Pain Aggression – This type of aggression can occur in male, female, adult and puppy. If you ever watch a show based on rescuing injured animals you can understand why an injured dog will lash out. Most times the dog needs to be muzzled so it can get the help it needs. Lashing out is usually the only way the dog has to communicate where the pain is coming from. This type of aggression is not something that you need to worry about.
Sex-Related Aggression – This behavior can occur in females who have not been spayed and intact males. It can also occur in males and females who were fixed as adults. This type of aggression happens between males and females when they are seeking attention when the female is in heat. The dogs are usually between the ages of one to three years of age. I have seen male dogs travel for miles when they get a whiff of a female in heat. If you have a female dog that is not fixed you need to keep a close eye on her when she comes into heat. You do not want any accidents to happen.
Predatory Aggression – Some dogs have a very high prey drive. They are very into chasing, catching and killing small furry or feathered animal. Remember they did not always have meals fed to them, they at one time needed to go and catch their own meal. This type of aggression becomes a problem when they start to chase people on bikes, cars, joggers and even other pets in the household.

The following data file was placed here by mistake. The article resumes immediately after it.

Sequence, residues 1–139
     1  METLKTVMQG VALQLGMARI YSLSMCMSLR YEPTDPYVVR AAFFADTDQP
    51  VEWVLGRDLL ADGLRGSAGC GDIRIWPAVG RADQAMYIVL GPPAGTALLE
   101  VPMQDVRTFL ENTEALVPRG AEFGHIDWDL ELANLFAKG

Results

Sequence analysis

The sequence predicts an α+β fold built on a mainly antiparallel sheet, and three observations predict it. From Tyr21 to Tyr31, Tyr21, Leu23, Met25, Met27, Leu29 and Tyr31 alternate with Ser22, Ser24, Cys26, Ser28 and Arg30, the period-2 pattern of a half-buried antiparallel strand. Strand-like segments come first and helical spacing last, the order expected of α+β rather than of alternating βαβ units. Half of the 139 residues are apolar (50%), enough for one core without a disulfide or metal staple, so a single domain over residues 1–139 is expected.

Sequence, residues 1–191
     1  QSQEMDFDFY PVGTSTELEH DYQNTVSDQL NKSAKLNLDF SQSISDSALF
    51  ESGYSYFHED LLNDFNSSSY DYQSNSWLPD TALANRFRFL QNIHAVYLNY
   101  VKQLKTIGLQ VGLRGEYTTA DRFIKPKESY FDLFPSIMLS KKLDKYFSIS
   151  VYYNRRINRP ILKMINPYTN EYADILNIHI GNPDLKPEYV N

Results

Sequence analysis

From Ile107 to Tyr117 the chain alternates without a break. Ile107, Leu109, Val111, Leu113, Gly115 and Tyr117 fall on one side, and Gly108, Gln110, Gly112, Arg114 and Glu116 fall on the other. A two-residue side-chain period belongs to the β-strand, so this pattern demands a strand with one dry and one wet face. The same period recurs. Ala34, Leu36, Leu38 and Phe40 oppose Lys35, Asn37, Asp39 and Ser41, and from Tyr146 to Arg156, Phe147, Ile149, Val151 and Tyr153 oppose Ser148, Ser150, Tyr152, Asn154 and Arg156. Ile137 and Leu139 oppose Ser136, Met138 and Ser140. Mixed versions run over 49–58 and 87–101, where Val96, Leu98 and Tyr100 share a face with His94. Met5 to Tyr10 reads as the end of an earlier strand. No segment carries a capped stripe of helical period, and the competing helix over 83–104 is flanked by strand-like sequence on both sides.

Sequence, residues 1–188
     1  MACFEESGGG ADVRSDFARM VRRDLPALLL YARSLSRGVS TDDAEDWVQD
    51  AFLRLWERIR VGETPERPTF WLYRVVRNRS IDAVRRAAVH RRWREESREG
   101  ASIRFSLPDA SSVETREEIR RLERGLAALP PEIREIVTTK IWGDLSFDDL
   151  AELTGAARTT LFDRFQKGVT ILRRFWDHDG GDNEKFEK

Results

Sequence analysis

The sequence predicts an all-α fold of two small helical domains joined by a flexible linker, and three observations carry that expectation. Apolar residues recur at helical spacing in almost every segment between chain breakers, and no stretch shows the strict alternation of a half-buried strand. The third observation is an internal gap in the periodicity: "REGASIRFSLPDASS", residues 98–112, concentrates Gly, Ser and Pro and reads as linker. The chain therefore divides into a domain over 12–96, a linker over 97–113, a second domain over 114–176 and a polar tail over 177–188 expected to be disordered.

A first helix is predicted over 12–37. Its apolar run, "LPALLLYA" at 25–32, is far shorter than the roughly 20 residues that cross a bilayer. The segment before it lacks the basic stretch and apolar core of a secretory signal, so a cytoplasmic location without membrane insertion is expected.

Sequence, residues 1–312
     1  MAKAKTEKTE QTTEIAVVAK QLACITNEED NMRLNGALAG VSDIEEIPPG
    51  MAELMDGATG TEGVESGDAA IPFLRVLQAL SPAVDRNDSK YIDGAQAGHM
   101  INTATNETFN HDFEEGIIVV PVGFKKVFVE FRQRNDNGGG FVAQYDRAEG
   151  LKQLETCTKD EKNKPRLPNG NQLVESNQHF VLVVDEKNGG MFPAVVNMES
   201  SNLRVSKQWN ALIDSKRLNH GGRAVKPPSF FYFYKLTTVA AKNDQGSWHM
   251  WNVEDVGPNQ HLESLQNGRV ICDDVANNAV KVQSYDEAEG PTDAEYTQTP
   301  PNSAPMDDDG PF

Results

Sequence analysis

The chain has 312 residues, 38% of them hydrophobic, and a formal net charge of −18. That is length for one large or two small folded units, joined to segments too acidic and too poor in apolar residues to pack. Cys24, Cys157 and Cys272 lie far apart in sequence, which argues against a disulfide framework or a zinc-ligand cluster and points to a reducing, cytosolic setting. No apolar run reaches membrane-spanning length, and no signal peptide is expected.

Now that we have looked at various types of aggression what do we do about it?
Your first defence towards an aggressive dog starts when your dog is a puppy. There are many things you can do with your puppy that is going to help prevent aggression from ever rearing its ugly head.
Many first time dog owners think it is funny when you wrestle with your new puppy. You grab at the puppy use him to wipe the floor, slide him away, all the while he gets mad and starts barking and growling at you, maybe even lunging at you trying to nip you. It’s all in fun and he is small enough that he can’t do any damage to you – yet.
Fast forward six months from now. That puppy that you could handle due to his small size is now- a lot bigger and in his mind rough play is acceptable. Play for him is lunging and nipping, barking and growling. It is really not safe to be around him now. Your puppy has now become an aggressive dog that is not safe to be around. Will this type of owner put the time in to now properly train this dog and hopefully be able to control the dog’s aggressive tendencies?
Since this owner did not take the time to find out about how to properly raise a puppy I highly doubt they will be willing to invest the time into the dog.
This dog will more than likely end up in a shelter with very little chance of adoption.
This could have been totally prevented. First your puppy needs to be totally socialized. Once they have had all their shots get them out into the world to face as many different scenarios as possible. Get them to meet as many new people as possible as well as other dogs. Make sure the dogs they are meeting are not aggressive.
Also when your puppy is very young get all the members of the family to take turns hand feeding the puppy. You are training them to take food gently and not lunging and biting when around food.
When your puppy jumps on you or your children do not hit the puppy to get off instead holler “OUCH” and turn away from the puppy and walk away. Puppies want to be part of the pack. Separating them from the pack is a good punishment.